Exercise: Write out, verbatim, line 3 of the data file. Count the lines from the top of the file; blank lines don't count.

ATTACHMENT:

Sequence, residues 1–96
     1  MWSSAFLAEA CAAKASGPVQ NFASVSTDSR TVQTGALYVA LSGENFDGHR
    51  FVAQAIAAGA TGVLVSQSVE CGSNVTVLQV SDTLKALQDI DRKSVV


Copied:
    51  FVAQAIAAGA TGVLVSQSVE CGSNVTVLQV SDTLKALQDI DRKSVV